As an entrepreneur launching my first startup, I rarely think about the fact that I am a woman but it’s hard not to notice when I am usually one of just a handful of women in the room at most of the entrepreneurial events I go to. Take for instance, WebInno. It always seems like 80% of the attendees are men and only 20% are women. There are even less women who are actually up there demoing their companies.
It’s not just Boston. I noticed the same 20% trend as a participant of the First Growth Venture Network, a mentorship program for high potential tech based startups in NYC. Of the 14 startups participating in the program only 3 of them had female founders.
That’s why it didn’t surprise me to learn that of the 425 applicants who applied to MassChallenge, only 18% were female. Because there were so few female entrants, only 15 of the 110 finalists are woman (see list of female finalists here). For those of you keeping track that’s 13%!
After learning that I was one of only a handful of women founders that applied to MassChallenge, I started wondering if the trend I was seeing was indicative of the rest of the nation. A quick search revealed that it is: only about 20 percent of U.S. companies with $1 million or more in revenue are women-owned.
Why are there no Women?
I wanted to understand why there are so few women entrepreneurs starting high potential, high growth companies so I embarked on some research. While I came across several theories, I came to the conclusion that there are 2 main factors: 1) lack of access to capital and 2) few role models.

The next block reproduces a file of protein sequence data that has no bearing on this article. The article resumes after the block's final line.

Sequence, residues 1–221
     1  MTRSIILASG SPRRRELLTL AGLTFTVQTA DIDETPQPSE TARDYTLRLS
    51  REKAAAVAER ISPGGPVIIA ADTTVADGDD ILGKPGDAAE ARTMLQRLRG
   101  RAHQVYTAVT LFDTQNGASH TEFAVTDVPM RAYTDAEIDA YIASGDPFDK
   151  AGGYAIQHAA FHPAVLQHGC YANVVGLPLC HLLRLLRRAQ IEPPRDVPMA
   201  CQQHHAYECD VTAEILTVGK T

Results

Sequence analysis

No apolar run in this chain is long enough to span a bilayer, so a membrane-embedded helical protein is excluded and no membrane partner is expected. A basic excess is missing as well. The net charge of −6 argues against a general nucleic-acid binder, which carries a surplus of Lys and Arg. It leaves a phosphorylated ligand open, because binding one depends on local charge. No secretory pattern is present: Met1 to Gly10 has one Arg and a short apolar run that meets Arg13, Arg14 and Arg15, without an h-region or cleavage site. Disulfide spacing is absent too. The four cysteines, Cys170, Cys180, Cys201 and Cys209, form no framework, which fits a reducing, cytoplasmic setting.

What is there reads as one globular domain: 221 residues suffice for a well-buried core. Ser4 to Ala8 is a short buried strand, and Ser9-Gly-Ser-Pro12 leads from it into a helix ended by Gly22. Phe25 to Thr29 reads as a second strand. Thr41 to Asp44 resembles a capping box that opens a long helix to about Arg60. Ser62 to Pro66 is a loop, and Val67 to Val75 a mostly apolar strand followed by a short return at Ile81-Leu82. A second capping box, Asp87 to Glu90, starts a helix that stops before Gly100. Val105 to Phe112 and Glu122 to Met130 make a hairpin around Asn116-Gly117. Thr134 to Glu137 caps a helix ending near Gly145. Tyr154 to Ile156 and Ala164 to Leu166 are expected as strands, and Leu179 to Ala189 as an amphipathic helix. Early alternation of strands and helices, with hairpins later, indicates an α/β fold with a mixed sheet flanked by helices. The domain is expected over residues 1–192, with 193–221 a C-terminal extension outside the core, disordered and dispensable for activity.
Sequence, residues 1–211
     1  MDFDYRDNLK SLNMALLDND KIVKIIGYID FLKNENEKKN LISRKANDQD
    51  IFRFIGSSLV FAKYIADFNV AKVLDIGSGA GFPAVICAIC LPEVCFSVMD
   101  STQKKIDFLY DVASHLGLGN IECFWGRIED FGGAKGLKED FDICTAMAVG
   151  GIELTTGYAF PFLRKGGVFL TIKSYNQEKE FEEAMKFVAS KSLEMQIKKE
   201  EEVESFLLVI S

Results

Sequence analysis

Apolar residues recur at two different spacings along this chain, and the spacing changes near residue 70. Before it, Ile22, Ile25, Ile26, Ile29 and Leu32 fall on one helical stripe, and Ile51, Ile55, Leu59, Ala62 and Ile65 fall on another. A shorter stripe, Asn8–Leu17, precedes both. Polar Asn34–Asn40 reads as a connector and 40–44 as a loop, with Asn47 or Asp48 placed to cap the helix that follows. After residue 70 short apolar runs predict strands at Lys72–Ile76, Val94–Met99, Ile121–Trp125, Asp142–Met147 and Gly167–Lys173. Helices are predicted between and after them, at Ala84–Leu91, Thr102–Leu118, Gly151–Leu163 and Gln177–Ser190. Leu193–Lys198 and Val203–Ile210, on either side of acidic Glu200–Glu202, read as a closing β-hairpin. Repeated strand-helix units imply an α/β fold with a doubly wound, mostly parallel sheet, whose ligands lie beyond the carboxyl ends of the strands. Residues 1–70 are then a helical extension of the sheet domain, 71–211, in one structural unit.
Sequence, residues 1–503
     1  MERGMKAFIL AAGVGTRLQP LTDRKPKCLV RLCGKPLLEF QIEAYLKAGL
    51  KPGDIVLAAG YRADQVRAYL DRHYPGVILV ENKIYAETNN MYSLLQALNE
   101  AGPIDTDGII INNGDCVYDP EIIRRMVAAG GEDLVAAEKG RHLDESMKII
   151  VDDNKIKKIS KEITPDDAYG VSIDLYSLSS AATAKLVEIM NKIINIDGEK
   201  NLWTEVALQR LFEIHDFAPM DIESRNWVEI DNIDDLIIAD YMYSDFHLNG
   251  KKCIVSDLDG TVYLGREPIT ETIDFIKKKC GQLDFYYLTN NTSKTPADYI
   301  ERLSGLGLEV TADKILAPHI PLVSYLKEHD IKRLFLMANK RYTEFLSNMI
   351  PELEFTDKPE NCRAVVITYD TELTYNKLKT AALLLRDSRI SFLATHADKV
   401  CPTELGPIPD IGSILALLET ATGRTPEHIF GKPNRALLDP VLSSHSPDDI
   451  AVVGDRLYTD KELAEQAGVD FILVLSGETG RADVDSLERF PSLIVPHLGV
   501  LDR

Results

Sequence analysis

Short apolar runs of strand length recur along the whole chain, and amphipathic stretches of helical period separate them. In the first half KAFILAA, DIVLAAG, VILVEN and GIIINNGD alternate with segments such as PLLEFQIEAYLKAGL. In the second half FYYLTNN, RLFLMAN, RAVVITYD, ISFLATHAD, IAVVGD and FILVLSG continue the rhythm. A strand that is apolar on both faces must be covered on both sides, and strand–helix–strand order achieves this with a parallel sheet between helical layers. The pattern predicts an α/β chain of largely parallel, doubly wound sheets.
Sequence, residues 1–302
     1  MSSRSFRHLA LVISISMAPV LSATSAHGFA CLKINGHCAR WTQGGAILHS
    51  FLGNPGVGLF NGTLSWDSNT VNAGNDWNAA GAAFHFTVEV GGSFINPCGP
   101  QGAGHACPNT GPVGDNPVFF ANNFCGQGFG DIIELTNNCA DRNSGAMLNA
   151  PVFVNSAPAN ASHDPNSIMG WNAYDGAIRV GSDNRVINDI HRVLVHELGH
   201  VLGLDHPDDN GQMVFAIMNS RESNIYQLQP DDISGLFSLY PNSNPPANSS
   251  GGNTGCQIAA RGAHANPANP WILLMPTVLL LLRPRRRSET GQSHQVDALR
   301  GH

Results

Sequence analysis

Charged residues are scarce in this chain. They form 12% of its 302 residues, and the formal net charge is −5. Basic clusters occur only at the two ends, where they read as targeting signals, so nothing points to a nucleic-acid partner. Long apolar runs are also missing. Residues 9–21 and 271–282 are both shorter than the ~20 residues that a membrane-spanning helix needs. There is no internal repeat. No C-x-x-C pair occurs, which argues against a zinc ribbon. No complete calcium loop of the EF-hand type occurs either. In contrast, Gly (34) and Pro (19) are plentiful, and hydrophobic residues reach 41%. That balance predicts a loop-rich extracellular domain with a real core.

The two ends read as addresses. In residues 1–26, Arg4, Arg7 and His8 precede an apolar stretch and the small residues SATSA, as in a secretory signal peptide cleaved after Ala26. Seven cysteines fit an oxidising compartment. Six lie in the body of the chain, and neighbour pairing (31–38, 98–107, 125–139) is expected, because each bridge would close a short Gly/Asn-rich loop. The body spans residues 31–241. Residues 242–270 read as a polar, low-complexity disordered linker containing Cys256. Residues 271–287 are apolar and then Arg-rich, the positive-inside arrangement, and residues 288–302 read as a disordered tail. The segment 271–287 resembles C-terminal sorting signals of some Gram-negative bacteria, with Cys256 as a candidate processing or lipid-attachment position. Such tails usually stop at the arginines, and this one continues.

Less Access to Capital: According to the Center for Women’s Business Research, data shows that while about 41 percent of private companies in the U.S. are owned by women, only 3 percent to 5 percent of them get venture capital. The US Global Entrepreneurship Monitor says that women start ventures with eight times less funding than their male counterparts. I thought perhaps women were simply not seeking capital but then I saw this stat: women-owned businesses accounted for 21 percent of the entrepreneurs that sought angel-investment capital in 2009, but only 9.4 percent of those females were successful in their quest, according to a report published by Jeffrey Sohl, director of the Center for Venture Research at the University of New Hampshire.
While there are several reasons why women have less access to capital, one factor is the scarcity of female venture capitalists. A quick look on TheFunded revealed that only 3 of the 95 venture capitalists on the 7/19 list of “Top VCs” were women. Research shows that having female VCs does have an impact on women getting funded. According to Cindy Padnos of Illuminate Ventures, a venture capitalist, firms with at least one woman partner are 70 percent more likely to lead investments in a woman-run company than a VC firm with all male partners.